We will use step function as our reference signal, which can be found under Sources in
Simulink blockset. Left click on the step function icon and drag it to your design window:
Figure 3: Design window with reference signal
Summation junction can be found under Commonly Used Blocks in Simulink blockset.
Drag the Sum icon and drop it in a design window:
Figure 4: Addition of Summation Junction
PID controller is located under Simulink Extras/Additional Linear. Drag PID icon and
drop in a design window:
Figure 5: Addition of PID controller
The plant is generally represented as a transfer function. Therefore, we will use transfer
function block, which can be found under Continuous in Simulink blockset, as our plant.
Drag transfer function icon and drop it in a design window:
Figure 6: Addition of a plant
The Scope can be found under Sinks in Simulink blockset. Drag and drop the scope icon
in design window. Since in the end of the design we would like to compare the input and
output of our system, it would be convenient if we could display them on the same
screen. Add Mux, which can be found under Commonly Used Blocks, to the design
window in front of a scope. In this example, Mux has two inputs (reference signal and
output) and one output (to the Scope).
Figure 7: Addition of a Mux and a Scope
Now that the system is put together, we need to wire it up. Place the mouse to the output
of a step function block, left click, hold and drag the wire to the input of the summation
junction. Do the same for the rest of the system:
Figure 8: Complete Closed Loop Control System
Next step is to set all of the blocks parameters.
1.
Double-click on the Step Block Diagram and set Step Time to 0, Initial Value to 0
and Final Value to required value, which is 3.
Figure 9: Setting Parameters
2.
Double-click on Summation Junction icon and change second plus sign to minus.
3.
We choose our plant to have numerator of 5 and denominator of: s^2+5s+6.
Double-click on the Transfer Function Icon and change the coefficients of the
numerator to [5] and coefficients of the denominator to [1 5 6]. The system should
look like in Figure 10:
In order to correctly set a scope, double-click on it icon, click on scope parameters and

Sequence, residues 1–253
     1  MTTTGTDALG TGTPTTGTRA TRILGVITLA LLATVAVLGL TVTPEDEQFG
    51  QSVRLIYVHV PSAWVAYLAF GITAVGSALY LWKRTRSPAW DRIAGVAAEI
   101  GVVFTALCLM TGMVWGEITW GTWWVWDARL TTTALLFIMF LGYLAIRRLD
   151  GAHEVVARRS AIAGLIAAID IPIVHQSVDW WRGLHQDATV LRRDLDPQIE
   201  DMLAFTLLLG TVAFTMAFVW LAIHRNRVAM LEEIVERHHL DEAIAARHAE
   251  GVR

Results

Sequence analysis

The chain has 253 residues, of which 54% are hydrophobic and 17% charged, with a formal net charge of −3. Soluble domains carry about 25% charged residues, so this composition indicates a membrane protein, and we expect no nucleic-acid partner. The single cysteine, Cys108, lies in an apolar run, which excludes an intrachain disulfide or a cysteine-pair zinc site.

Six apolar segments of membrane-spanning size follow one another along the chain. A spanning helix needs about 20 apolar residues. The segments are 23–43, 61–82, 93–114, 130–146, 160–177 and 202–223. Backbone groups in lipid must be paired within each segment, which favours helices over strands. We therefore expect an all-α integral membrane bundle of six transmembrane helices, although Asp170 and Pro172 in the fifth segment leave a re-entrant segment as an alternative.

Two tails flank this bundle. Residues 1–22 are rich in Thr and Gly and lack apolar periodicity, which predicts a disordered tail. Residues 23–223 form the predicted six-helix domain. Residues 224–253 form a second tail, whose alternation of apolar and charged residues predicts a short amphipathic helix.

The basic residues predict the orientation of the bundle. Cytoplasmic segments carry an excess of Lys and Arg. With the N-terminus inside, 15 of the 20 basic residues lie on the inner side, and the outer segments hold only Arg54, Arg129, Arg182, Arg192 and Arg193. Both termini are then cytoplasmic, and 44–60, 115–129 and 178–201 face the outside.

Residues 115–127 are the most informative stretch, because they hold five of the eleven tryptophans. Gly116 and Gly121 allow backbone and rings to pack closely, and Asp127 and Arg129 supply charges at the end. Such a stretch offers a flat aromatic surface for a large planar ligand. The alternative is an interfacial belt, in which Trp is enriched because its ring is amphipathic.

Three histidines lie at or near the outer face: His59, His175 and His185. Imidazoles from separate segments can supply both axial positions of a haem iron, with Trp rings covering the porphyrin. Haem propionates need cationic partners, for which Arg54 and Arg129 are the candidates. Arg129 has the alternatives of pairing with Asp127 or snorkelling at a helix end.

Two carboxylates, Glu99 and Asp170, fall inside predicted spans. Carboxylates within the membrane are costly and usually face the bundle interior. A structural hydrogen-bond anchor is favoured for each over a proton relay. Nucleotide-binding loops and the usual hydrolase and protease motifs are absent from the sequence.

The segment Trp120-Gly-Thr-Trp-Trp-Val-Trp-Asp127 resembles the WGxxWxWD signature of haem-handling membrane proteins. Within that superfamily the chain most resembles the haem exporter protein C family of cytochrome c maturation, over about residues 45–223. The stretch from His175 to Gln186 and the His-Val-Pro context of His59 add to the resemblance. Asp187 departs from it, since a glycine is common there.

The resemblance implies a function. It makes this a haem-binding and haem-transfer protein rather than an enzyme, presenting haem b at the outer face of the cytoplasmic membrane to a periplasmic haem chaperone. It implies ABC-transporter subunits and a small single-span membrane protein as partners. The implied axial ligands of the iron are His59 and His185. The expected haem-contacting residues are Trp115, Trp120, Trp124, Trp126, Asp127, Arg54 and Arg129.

under scope parameters click on data history. Always uncheck all of the options in order
to obtain correct results.
Figure 11: Setting up a scope
You can notice that the last block that needs to be set up is a PID controller. If you
double-click on PID icon, new window will show 3 parameters: Proportional, Integral
and Derivative. It is up to a designer to set these parameters in a way that the desired
results can be obtained. Also, designer should be varying the simulation time which is set
to 10 seconds by default.
Set the Proportional, Integral and Derivative gains to 20, 6 and 3, respectively. Set the
simulation time to 5 seconds and click on Run icon on the Design Window tool bar (next
to simulation time window):
Once the simulations are done, double-click on the scope icon and observe the results.
Note that the output reaches the desired value of 3 within 1 second. If the display does
not show all of the details or not refreshed, click on Autoscale button to rescale and
refresh the result.
Using this tutorial, one can quickly start using basic functions of Simulink. Since the
Simulink contains a large variety of functions and possibilities, it is impossible to put
everything in one document. Therefore it is strongly advised to build up upon the basic
knowledge of simulink in order to be able to design and simulate a lot more complicated
systems. Also, finding out shortcuts and better work flow management will make your
job a lot simpler.
Good Luck!